The man who thinks big

January 24, 2023

The woods, trails and meadows in the southwest of the city are like a second home to him. Beyond the garden fenceIn the early 1980s, Girot attended the University of California, Berkeley, to study for a double Master’s degree in architecture and landscape architecture. Even today, landscape architecture begins by reaching beyond the garden fence,” Girot says. In 1992, Girot’s design for Berlin’s Invalidenpark proved to be his greatest landscape architecture success up to that point, for which he was later awarded the Fritz Schumacher Prize. What made Girot’s design particularly striking was its large pool of water into which a granite wall appears to be sinking.

Nature is always culture

Christophe Girot grew up near London’s Richmond Park. The woods, trails and meadows in the southwest of the city are like a second home to him. At the age of eleven, he moved with his family to Versailles – and what awaited him there could hardly have been more different: out went the tamed wilderness of English gardens, in came the absolutist austerity of the Palace Gardens of Versailles.

At a young age, Girot was impressed by the sheer variety in approaches to designing landscapes. The contrasting impressions he gathered in Paris and London made him aware that every culture perceives and relates to nature in its own way. “To humans, nature is always culture,” he would later write.

Beyond the garden fence

In the early 1980s, Girot attended the University of California, Berkeley, to study for a double Master’s degree in architecture and landscape architecture. From that time on, he understood how these two disciplines are unwaveringly intertwined: “Back then, there was hardly any dialogue between the two. Landscape planning was focused on conserving nature and heritage, while architecture was seeing the dawn of postmodernism and architects were adopting a formal language that distanced them ever more radically from the environment,” he recalls.

For Girot, it was clear even then that the two disciplines belonged together, like two sides of the same coin. “As soon as humans settle down and build a fixed roof over their heads, they must also shape the environment by planting fields, clearing forests and tending meadows. Even today, landscape architecture begins by reaching beyond the garden fence,” Girot says.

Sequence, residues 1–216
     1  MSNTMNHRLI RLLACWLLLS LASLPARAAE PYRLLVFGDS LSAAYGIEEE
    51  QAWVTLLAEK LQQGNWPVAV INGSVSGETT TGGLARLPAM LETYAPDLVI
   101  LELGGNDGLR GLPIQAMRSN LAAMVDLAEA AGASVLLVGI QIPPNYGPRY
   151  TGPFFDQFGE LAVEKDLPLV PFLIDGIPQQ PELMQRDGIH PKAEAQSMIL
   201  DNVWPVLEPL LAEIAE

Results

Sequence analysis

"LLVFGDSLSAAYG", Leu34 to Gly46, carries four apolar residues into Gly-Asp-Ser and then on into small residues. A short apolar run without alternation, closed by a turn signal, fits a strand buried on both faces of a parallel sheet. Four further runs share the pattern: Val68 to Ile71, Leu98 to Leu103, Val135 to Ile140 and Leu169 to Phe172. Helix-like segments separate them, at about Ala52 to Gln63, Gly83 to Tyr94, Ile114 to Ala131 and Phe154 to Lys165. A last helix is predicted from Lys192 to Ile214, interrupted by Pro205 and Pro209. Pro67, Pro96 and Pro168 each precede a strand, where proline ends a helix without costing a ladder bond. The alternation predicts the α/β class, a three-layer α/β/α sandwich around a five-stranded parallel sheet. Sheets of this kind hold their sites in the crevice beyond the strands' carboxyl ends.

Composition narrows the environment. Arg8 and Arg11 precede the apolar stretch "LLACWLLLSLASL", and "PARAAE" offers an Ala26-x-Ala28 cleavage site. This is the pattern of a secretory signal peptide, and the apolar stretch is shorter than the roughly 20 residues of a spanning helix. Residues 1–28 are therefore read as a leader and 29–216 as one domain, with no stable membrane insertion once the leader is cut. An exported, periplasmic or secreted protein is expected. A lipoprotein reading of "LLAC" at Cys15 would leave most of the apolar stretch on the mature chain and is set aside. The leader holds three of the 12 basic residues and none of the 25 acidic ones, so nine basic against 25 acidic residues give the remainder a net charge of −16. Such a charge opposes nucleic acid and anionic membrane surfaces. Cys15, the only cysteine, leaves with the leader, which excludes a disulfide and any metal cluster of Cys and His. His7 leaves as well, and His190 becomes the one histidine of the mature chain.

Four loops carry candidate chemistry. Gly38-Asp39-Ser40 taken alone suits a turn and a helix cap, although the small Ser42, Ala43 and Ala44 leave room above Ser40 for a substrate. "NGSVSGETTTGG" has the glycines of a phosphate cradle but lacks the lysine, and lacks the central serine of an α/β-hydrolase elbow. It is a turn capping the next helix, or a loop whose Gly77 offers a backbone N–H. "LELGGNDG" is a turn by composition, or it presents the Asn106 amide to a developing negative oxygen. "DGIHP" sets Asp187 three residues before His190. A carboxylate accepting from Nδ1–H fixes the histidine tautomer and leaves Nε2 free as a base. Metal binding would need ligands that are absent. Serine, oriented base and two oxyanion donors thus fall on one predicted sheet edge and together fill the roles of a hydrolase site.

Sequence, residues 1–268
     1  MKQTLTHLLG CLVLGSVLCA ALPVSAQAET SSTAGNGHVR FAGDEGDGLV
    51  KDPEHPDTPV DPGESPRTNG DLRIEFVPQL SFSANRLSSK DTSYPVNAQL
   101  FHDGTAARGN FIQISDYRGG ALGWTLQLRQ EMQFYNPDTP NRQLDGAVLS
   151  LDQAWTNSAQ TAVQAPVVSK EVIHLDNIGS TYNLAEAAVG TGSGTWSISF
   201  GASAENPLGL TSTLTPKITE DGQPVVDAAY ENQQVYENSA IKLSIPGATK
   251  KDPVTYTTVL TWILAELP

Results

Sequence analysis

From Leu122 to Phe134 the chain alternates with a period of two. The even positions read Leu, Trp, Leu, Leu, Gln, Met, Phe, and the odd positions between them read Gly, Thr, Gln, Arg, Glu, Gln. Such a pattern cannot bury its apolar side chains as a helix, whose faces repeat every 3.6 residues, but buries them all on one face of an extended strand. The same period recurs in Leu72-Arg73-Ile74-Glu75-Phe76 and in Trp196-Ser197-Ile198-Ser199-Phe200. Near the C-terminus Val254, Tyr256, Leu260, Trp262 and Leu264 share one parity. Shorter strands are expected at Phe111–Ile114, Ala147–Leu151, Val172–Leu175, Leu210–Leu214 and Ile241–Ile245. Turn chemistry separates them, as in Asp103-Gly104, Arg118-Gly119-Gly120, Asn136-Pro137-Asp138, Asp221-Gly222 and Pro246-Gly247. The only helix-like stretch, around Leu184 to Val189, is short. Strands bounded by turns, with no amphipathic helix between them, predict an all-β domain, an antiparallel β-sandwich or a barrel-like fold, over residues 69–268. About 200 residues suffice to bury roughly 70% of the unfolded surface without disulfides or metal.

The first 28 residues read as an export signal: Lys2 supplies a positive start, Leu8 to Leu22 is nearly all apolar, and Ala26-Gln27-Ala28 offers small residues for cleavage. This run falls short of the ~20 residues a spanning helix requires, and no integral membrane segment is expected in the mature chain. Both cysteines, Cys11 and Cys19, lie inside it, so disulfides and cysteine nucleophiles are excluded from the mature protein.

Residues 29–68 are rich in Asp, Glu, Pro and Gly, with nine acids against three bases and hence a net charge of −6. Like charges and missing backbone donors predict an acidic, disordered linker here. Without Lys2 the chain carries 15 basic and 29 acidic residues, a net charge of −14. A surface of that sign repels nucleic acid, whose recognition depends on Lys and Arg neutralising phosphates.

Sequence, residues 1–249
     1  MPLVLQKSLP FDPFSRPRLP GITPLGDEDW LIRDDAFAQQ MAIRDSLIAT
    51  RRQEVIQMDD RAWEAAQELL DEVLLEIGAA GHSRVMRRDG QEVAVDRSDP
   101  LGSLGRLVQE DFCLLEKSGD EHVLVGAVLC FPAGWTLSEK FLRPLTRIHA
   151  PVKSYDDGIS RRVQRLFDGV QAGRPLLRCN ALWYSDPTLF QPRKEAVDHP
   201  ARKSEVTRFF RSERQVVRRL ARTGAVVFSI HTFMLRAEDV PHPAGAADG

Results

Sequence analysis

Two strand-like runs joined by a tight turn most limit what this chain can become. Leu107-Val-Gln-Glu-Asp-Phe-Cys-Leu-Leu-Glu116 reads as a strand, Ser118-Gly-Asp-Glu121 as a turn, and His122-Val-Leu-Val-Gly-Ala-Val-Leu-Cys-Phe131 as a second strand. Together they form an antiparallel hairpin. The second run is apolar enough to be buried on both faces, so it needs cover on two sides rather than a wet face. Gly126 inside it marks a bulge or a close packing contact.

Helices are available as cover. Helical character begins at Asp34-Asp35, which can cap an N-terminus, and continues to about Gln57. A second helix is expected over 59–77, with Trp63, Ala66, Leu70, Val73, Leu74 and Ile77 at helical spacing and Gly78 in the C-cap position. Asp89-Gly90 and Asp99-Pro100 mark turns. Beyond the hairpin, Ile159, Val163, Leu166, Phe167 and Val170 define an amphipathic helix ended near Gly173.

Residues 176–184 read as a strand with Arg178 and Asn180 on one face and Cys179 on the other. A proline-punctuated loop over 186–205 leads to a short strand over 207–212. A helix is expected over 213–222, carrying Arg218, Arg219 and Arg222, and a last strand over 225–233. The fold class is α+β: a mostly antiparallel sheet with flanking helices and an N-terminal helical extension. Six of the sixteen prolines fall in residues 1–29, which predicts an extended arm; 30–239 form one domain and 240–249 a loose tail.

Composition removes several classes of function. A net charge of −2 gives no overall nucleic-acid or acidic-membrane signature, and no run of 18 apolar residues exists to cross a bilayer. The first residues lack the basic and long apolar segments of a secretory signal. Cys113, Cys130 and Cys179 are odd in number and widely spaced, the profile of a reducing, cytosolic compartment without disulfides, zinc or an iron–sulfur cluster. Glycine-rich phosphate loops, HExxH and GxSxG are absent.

Designing Berlin's Invalidenpark

After ten years in the United States, Girot returned to Versailles in 1990 to take up the Professorship of Landscape Architecture at the École Nationale Supérieure de Paysage. Girot was also active as a practitioner during this period through his studio, “Phusis”, designing parks in Paris and some smaller French towns.

In 1992, Girot’s design for Berlin’s Invalidenpark proved to be his greatest landscape architecture success up to that point, for which he was later awarded the Fritz Schumacher Prize. The fact that the Germans had commissioned a Frenchman to redesign this symbolic site on the border between East and West Berlin was considered a sensation at the time.

What made Girot’s design particularly striking was its large pool of water into which a granite wall appears to be sinking. “The park created a place for people to meet in a city that had been reunified for only a few years, and at the same time it reminds us of the Berlin Wall, which stood nearby,” he explains.

The source of this news is from ETH Zurich

Popular in Research

1

Apr 3, 2024

California leads U.S. emissions of little-known greenhouse gas

2

Apr 3, 2024

Chatbot guides women through post-prison challenges

3

Apr 2, 2024

UniSA researchers win $1.3m to find better treatments for cancer

4

Apr 5, 2024

UBC Board of Governors approves balanced operating budget for 2024/25

5

Apr 6, 2024

New Jersey earthquake makes waves in Baltimore

Roundup of Key Statements

Oct 14, 2023

New path facilitates campus access for students

Feb 2, 2023